“Mother of All Pigs” by Malu Halasa
“‘Such a party last night.’ The words come out long and heavy like a sigh, but the inflection rises. She is soliciting his opinion.
Hussein sits utterly still. He knows she would appreciate a conversation about the party, about Muna, about anything, but he needs to save the already depleted energy he has for the long day ahead.
When she receives absolutely no acknowledgment Mother Fadhma’s small eyes narrow. She wants to scold him for eating too little and drinking too much; however, her silence was secured long ago. Even when he makes a fool of himself, as he did last night, she forgives him. On the rare occasion that she does summon the courage to rebuke him, her admonitions are gentle and consoling.”
In this debut novel from an American writer of Jordanian and Filipina descent, the reader gets a glimpse of life in a small, conflict-ridden, rural, border town in modern Jordan, a town in which Christian residents and the growing Muslim population of long-time residents and recent refugees are often at odds. The Sabas family, headed by three generations of fearsome women, does its best to coexist and get by.
“Although Laila harbors many doubts about the society in which she lives, she meticulously stays within conventional boundaries, and she expects those she lives with to do the same. Samira, her husband’s unmarried half sister, is particularly vulnerable since relatively little is needed -perhaps only a rumor of a girl’s indiscretion – for the entire town to become inflamed and a family ostracized forever. In a culture where a woman’s virtue is paramount, any defense of it is a sign of its erosion. Better to avoid scrutiny. The women of the Sabas family have to protect one another because no one else will.”
Hussein, the only man of the house, has returned from a somewhat secret military past and has become the town butcher. Led by his devious, black-market savvy uncle Abu Za’atar, Hussein becomes the areas only not-so-secret pig butcher, and his dealings of pork products puts his family on edge and often under threat from angry neighbors.
Halasa’s is an interesting look at religious and nationalist tensions from within the “Arab world”, a view not only of the clear challenges and dangers of political dissent and repression, but also of the not uncommon discontent of residents who feel displaced and disgruntled by “others”.
“‘I just don’t know when the country will return to normal and our town will belong to us.’
Hussein finds Mrs. Habash’s memory highly selective. The town has never been theirs. When their grandfathers and uncles and fathers – then small boys – first settled, they fought side by side against local nomads over a watering hold. Go back a few generations and someone somewhere is always fleeing or seeking sanctuary with strangers. The entire region has a long history of forced migration. The Syrians are not the first refugees, nor will they be the last.”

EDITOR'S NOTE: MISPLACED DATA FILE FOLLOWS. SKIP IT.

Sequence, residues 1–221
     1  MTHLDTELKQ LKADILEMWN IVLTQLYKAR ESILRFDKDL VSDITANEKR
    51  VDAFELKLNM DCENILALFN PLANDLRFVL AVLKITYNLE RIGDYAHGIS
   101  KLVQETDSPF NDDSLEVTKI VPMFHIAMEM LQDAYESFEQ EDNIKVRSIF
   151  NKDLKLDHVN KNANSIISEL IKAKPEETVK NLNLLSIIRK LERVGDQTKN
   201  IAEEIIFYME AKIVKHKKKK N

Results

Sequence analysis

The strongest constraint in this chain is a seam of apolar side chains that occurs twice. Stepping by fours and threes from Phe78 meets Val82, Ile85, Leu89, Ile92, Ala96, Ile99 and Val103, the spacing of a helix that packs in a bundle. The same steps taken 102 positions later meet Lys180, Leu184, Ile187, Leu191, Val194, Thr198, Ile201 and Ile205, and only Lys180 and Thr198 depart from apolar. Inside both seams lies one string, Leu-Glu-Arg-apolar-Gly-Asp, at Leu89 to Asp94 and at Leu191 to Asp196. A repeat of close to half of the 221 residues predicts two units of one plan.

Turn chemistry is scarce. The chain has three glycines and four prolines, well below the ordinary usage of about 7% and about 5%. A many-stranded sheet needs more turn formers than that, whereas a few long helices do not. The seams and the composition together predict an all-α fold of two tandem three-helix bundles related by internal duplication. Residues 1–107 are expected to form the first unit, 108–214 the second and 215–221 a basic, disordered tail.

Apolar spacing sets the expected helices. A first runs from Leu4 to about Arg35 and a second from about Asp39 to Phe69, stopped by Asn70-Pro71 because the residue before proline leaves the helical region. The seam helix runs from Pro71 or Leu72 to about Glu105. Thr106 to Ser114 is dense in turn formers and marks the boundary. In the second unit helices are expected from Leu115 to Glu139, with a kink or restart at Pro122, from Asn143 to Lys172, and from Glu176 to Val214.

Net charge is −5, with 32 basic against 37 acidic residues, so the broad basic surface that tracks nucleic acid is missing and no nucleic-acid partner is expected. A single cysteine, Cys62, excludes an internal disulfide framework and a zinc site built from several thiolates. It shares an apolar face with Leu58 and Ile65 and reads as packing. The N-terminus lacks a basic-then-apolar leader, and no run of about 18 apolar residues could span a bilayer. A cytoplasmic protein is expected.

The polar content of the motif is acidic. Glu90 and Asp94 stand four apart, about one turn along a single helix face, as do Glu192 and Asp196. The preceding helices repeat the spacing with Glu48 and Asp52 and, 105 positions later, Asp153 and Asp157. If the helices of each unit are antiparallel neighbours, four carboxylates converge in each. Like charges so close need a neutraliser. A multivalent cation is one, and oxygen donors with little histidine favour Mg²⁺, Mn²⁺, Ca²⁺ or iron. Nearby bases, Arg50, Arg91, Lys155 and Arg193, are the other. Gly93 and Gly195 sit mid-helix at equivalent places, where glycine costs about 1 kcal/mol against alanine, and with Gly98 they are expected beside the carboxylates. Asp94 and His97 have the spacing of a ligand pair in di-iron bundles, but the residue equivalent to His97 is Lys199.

Though there were, sprinkled throughout “Mother of All Pigs”, moments of awkward dialogue where characters over explain facts and motives, clearly intended for the reader and not the audience, the story itself had compelling characters and was a promising start. With more editorial input and polish, I think Halasa’s voice could be more resonant and her narrative something special.
Thank you to Unnamed Press for providing an Advance Review Copy in exchange for a fair and honest review. “Mother of All Pigs” was released in the US on November 14, 2017.
“Improvement” by Joan Silber
“Everyone knows this can happen. People travel and they find places they like so much they think they’ve risen to their best selves just by being there. They feel distant from everyone at home who can’t begin to understand. They take up with beautiful locals of the opposite sex, they settle in, they get used to how everything works, they make homes. But maybe not forever.”
In “Improvement”, Joan Silber conducts some experiments with form that made me grin when I first caught wind of what was happening and now, a few weeks after having read the book, still bring an appreciative smile for the innovation. For a majority of the book, each chapter features a different protagonist. Though all part of one larger narrative, these characters play varied roles across time and space – from 1970s Turkey to divided Germany and to today’s New York. Each chapter’s main character is simultaneously a minor player in previous chapters – often merely an “extra” barely given a speaking part, but in her chapter, just like each of us in our own lives, she is the center, the heroine. It is the literary equivalent of that game one sometimes plays while idling in traffic, trying to guess the stories taking place in the cars all around. It is the motif so brilliantly applied in the “I Love New York” episode of “Master of None” (if you haven’t seen it, DO!).
With characters young and old from various backgrounds and cultures, “Improvement” is tough to summarize. As its title might suggest, it is potentially about striving to better oneself and situation. The characters are often witty, more often self-destructive, and hopefully learning from their pasts.
Where “Mother of All Pigs” seemed a bit raw, its writing needing a bit more editorial polish, “Improvement” was perhaps a bit too polished, losing its edge and dulling its impact. Even with the truncated stories necessitated by a shift in protagonist at each chapter’s end, characters often felt a little too known, plastic, flat. The innovative construct was this book’s shining star and what made it a memorable and enjoyable read. Recommend for a vacation or beach read, when charming structure and engaging plot just the ticket.
Thank you to Counterpoint for providing an Advance Review Copy in exchange for a fair and honest review. “Improvement” was released in the US on November 14, 2017.